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Comment No kidding (Score 1) 162

The thing is, PCIe SSDs don't load games or common application data any faster than current incumbents—or even consumer-grade SSDs from five years ago.

The SATA bus gets saturated for sequential reads and writes so of course PCIe SSDs can trump SATA SSDs here. But, generally speaking, the controller silicon on PCIe SSDs is no faster than their SATA counterparts so they offer no improvement for random reads and writes. Still orders of magnitude better than spinning rust, though.

Comment Re:You no longer own a car (Score 3, Informative) 649

Have you ever owned apple hardware? I've modded more than a few devices, more than a few times, and Apple has no problem with it...

Have you ever owned an iMac from this decade? No screws on the outside with which to open it up - you have to buy a 3rd party cutter disc to cut the glue between the front glass and chassis so you can lift the whole unit out to work on it. The latest models can't even have their desk stands removed to put them on a Vesa mount - you have to preorder one with the Vesa mount fitted already!


MIT May Have Just Solved All Your Data Center Network Lag Issues 83

alphadogg (971356) writes A group of MIT researchers say they've invented a new technology that should all but eliminate queue length in data center networking. The technology will be fully described in a paper presented at the annual conference of the ACM Special Interest Group on Data Communication. According to MIT, the paper will detail a system — dubbed Fastpass — that uses a centralized arbiter to analyze network traffic holistically and make routing decisions based on that analysis, in contrast to the more decentralized protocols common today. Experimentation done in Facebook data centers shows that a Fastpass arbiter with just eight cores can be used to manage a network transmitting 2.2 terabits of data per second, according to the researchers.

Comment Re:Car driver ethics: What do I hit? (Score 2) 800

Not necessarily. A larger car can have bigger crumple zones. If its crumple zones are twice the size of the small car, then the acceleration that you'll experience in the collision is a lot less and so there's a greater chance everyone will survive (assuming that the relative impact speeds will be the same).

Don't let facts get in the way of a good story. :) While survivability is about equal for SUV vs SUV and car vs car impacts, studies have shown that in SUV vs car impacts the passengers of the car are 7.6 times more likely to die.

Armed with this information an autonomous vehicle trying to protect everybody should: (a) choose the impact with the least inertia for all concerned (i.e.: go for the car travelling in almost the same direction as the autonomous vehicle as opposed a car travelling in an opposite direction) and (b) for a choice of head-on impacts, prioritize impacting the car with a mass closest to its own. An autonomous vehicle biased towards protecting its own driver should target the smaller vehicle... but this will inevitably lead to "I've got the biggest autonomous vehicle" wars with people trying to protect themselves from other vehicles as we've seen happen with SUVs.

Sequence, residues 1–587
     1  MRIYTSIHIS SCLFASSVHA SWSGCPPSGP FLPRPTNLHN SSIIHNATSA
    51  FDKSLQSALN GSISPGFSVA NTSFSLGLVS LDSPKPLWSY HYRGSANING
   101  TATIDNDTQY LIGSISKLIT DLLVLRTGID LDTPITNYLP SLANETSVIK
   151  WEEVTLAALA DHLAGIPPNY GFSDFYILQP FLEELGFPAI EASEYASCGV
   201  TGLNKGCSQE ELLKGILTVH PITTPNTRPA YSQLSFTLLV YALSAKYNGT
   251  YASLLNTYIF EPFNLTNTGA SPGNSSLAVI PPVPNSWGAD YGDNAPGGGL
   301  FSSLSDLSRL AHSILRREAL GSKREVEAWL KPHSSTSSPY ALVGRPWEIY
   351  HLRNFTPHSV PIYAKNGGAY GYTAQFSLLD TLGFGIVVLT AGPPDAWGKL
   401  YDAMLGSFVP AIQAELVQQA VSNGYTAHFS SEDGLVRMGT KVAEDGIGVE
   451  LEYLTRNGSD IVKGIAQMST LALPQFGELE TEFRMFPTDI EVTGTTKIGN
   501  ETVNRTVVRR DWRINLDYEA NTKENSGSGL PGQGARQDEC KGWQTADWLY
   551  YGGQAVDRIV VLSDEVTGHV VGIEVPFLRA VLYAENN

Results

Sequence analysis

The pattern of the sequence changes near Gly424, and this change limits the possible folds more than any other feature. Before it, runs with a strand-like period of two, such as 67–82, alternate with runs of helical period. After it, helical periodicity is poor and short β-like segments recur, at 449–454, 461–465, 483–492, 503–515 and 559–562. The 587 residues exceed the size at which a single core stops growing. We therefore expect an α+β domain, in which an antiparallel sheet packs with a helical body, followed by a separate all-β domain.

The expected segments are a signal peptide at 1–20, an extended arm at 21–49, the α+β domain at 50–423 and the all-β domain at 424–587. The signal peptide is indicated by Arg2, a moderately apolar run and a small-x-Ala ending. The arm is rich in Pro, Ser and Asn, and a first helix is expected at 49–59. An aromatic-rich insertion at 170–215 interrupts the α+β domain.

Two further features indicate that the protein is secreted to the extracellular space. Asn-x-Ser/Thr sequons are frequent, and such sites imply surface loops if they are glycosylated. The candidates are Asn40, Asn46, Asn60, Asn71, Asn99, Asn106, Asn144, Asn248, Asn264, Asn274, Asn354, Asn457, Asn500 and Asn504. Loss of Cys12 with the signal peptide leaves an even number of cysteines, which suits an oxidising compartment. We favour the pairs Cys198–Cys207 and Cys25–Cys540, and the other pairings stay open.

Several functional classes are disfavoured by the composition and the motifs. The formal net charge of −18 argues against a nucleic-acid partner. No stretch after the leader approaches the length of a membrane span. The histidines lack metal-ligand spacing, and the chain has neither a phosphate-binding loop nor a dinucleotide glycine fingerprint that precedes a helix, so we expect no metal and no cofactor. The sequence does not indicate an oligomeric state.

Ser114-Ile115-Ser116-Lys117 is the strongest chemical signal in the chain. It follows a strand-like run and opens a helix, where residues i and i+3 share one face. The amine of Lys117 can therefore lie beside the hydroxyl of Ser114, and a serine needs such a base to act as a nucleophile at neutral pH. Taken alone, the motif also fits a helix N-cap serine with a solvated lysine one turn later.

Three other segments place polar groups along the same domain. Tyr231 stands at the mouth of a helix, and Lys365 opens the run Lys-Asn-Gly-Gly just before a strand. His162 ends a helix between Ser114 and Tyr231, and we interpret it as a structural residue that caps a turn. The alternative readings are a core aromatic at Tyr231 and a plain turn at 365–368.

REF: http://www.consumerreports.org.../p

Comment Re:Stop (Score 1) 349

"Stop using your ISP's DNS" is not always the right answer.

If I use Google's public DNS servers it breaks content distribution networks like Akamai. For example, if I use Google Public DNS then *.phobos.apple.com addresses for iOS and OSX updates resolve to IPs inside NTT (Tokyo, Japan) and downloads are exceedingly slow (high latency, dropped packets, etc.). If I use my ISP's DNS server it just so happens they host a set of Akamai nodes and the *.phobos.apple.com addresses will resolve to IPs only 2 or 3 hops away, so downloads will saturate my SDSL connection.

Comcast should just acknowledge that they've fucked up and fix their servers.


South Carolina Woman Jailed After Failing To Return Movie Rented Nine Years Ago 467

An anonymous reader writes "Could you imagine being arrested for failing to return a movie you rented 9-years earlier? Well that's just what happened to one South Carolina woman. 'According to a Feb 13 arrest report, 27-year-old Kayla Finley rented Monster-in-Law in 2005 from now defunct video store Dalton video. The woman failed to return the video within the 72 hour rental limit, eventually leading up to her arrest 9 years later.'"

Comment Re:So everybody here was confused? (Score 1) 251

Just a casual browsing of the iTunes App Store makes me wonder what the real story is. If you click on Show All Versions for each of the free/paid iPhone/iPad versions of CandySwipe they were first published in May 2012 (not even close to 2010), abandoned, then there were updates to all of them around 27/28 Jan 2014, and now there is all this debate. Was there a PC/Android version published earlier?

Comment Re:Big deal. (Score 1) 65

Yeah, describing it as "handheld" is kind of misleading. The photo in TFA shows *just* the handheld part, there's a much larger piece of equipment attached via cable and worn backpack-style...


Comment Bad analogy (Score 1) 76

Should Jade Rabbit make a full recovery, it would cap another success for space exploration, which has seen NASA's Opportunity Mars rover, currently exploring the red planet, far outlast its expected lifespan."

Opportunity far outlived its projected 90 day operational lifetime. Jade Rabbit was supposed to go 3 months and has already gone belly-up just a month into it.